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Playing in the Fields of the LordPlaying in the Fields of the Lord

Playing in the Fields of the Lord

How are faith, academics, and athletics all connected? We asked Kim Chapdelaine, assistant track and field coach at Trinity Western University in Langley, BC about that. For Chapdelaine and her family, coaching is intimately tied to seeking God’s kingdom. 

Katie Maryschuk
14 minute read

Kim Chapdelaine is the current assistant coach for Trinity Western University’s varsity track and field team. While her main focus is helping Spartan student-athletes succeed on and off the track, she is no stranger to the rest of the sporting world. Her husband, Jacques Chapdelaine, is the interim head coach of the CFL’s Montreal Alouettes. Each of their children is involved in sport to some degree: Kaela, a former NCAA Division 1 baskeball player, lives in Seattle with her husband; Matthew, a former BC Lion, lives in California and is writing a book; and Justin, who originally signed with the Ottawa Red Blacks but is now a receiving coach with the University of Calgary Dinos. Their family revolves around sport, but faith is their foundation.

As she tells The Thread’s Katie Maryschuk: “God centers me. He’s our foundation. How we decide we’re going to impact people around us is how we are going to see God make change. That’s how I see it, that’s how my family sees it.”

Katie Maryschuk: Thanks for joining us today Kim. You were a highly competitive track and field athlete yourself, having joined the Canadian national team when you were just 14 years old. Do you come from a highly athletic household, or was that something you had to yourself?

Kim Chapdelaine: No, I would not say highly athletic. While my mom was top in the British Empire for high jump and hurdles, my dad was more of a sailor and fisherman type person. He was sporty, but no, I wouldn’t say I grew up in that kind of environment. You probably need to know that my parents got divorced when I was 11 years old, so my mom really funneled me towards track.

KM: Along those lines, Kim, would you say you were raised in a religious household as well, or, was religion part of your childhood and youth?

KC: You know what? We went to church every Sunday. In Calgary it was called Christ Church and I think it was actually more of a social event to go. I believe it was more tiered on the social side of things and not so much comprehending or understanding what you could have in a relationship with Jesus Christ. It wasn’t really upheld although my mother had a very high standard of how she wanted things to be run. She was brought up in an all-girls Catholic system so religion to her had been absolutely rammed down her throat. She had all of the structure in place but really did not want to push anything on us. So we went to church really not understanding why we were going.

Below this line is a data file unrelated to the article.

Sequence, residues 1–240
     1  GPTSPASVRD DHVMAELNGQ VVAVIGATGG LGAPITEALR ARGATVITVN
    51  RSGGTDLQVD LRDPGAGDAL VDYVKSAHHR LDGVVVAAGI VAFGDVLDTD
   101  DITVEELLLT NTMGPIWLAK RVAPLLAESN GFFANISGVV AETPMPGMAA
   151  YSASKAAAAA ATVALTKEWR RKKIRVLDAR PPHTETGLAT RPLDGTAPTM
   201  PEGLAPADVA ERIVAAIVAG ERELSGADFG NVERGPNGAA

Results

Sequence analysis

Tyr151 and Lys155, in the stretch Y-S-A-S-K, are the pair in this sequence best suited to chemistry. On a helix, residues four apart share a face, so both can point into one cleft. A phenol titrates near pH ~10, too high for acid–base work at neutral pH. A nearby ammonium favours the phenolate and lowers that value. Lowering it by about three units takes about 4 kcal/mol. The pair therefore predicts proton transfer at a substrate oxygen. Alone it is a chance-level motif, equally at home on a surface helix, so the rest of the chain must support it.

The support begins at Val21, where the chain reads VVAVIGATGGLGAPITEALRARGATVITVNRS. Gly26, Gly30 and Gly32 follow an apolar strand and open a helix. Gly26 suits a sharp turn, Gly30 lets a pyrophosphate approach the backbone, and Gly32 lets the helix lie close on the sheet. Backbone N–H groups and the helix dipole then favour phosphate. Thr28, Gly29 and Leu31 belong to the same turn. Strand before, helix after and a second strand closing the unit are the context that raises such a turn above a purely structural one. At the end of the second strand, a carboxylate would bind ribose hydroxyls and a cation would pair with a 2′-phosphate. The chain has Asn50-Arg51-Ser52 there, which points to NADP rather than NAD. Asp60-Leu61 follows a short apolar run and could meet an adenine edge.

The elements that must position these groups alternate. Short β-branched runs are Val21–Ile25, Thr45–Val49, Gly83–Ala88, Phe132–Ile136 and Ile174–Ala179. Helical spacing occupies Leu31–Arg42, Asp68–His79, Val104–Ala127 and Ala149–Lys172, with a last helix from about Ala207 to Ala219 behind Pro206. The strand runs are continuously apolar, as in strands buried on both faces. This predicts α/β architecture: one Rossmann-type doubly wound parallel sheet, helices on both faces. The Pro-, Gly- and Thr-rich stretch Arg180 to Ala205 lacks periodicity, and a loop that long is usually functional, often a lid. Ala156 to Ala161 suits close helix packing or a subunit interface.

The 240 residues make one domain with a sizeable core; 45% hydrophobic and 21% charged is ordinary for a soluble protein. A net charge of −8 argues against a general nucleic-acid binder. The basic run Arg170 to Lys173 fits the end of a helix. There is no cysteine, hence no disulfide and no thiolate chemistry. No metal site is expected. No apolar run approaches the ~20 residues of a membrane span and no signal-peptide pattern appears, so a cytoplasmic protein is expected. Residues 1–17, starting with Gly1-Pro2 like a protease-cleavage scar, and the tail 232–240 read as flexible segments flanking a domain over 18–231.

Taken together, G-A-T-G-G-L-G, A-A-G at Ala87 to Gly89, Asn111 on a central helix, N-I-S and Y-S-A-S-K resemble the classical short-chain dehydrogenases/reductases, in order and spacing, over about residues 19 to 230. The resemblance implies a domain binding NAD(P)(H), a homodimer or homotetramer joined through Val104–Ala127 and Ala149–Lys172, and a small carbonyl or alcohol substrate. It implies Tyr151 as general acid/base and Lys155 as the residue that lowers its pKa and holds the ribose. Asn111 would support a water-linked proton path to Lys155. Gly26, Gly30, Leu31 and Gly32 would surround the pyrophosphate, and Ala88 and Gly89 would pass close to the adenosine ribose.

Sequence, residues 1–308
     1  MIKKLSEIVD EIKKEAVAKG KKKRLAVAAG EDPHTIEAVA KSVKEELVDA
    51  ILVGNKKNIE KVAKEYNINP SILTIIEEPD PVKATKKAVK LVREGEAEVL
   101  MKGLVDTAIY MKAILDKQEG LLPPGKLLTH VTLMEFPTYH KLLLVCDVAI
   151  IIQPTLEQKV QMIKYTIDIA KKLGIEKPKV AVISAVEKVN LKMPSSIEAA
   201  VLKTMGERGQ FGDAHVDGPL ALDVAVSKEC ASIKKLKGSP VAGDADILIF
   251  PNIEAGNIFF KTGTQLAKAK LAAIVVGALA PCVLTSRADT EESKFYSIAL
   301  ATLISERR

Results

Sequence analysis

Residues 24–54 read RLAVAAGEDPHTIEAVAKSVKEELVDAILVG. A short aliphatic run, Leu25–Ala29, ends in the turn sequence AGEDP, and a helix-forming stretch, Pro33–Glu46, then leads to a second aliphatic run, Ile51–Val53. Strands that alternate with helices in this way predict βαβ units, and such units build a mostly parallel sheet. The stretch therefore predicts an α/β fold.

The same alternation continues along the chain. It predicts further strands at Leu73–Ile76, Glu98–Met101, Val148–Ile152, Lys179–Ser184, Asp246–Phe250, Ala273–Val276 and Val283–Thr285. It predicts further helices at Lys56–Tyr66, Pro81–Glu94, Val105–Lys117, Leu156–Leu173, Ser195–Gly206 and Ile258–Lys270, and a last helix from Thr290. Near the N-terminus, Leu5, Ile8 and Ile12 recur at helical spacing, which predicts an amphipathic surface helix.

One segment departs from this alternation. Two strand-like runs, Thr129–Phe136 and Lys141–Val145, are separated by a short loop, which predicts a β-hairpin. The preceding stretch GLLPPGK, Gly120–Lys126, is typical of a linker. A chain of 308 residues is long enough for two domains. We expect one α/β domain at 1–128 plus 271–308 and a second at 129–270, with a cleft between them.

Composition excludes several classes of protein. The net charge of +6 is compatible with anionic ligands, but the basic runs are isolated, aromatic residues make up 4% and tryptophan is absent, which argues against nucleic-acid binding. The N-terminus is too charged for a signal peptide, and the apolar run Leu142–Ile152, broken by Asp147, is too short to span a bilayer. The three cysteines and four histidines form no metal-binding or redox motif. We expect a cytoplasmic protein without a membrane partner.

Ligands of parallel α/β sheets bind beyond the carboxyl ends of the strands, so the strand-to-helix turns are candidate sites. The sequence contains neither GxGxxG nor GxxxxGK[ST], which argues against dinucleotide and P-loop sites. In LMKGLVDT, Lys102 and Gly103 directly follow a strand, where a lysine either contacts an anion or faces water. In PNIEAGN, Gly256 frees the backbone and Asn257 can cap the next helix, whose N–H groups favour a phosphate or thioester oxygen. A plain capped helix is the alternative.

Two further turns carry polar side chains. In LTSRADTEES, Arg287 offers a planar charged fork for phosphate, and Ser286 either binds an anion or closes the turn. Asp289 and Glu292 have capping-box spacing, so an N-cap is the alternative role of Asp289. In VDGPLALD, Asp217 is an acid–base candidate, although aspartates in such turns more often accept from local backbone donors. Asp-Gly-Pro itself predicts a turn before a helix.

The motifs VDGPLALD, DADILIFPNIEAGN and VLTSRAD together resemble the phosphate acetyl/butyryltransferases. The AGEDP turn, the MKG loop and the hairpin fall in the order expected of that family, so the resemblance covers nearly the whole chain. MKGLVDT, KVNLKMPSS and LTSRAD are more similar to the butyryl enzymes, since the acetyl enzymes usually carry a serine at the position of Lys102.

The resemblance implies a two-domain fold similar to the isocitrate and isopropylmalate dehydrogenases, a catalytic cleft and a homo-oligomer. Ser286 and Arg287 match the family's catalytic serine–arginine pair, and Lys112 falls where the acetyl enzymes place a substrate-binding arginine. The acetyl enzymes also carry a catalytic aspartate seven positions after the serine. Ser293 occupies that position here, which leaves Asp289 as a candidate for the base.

KM: So your first national team experience was when you were 14. What was that like, being so young compared to other team members?

KC: I was very young compared to the other athletes. You have to grow up in an environment and learn how to mature very quickly, simply because you are dealing with athletes that are way older than yourself. I was put in some very difficult situations where you are either going to overcome or you’re not. I was highly competitive and I liked to win, so it was something that I was willing to overcome. It was also a lot of success in a very short period of time. Really, my career ended when I was 22 and you don’t actually peak until you’re about 27. So my career had been seven years of being on national teams and I think they just pushed me too hard at a young age. I couldn’t sustain. I ended up inevitably just long jumping on my last national team because I just couldn’t sustain. So, I grew up very fast because of that.

KM: You started as a hurdler, then switched to multi-events. What caused that? Was it because you were young and able to learn quickly?

KC: I was a sprinter and hurdler initially, and there was a large international meet with the number one Canadian heptathlete at the time, or rather pentathlete because heptathlon was not an event yet. She ended up hurting her back and while I was off competing in other events, they came and threw me into the competition. I had never thrown a shot put before and had never run an 800, but I ended up winning. At that point they started to direct me towards multi-events. In all honesty, I did not have a whole of say in that. I started to train with the woman who had hurt her back – Diane Jones-Konihowski – and we became training partners. When I was 18, she was 27 and we trained for the 1980 Olympics in New Zealand. I lived there for six months and competed, but again, I was very young.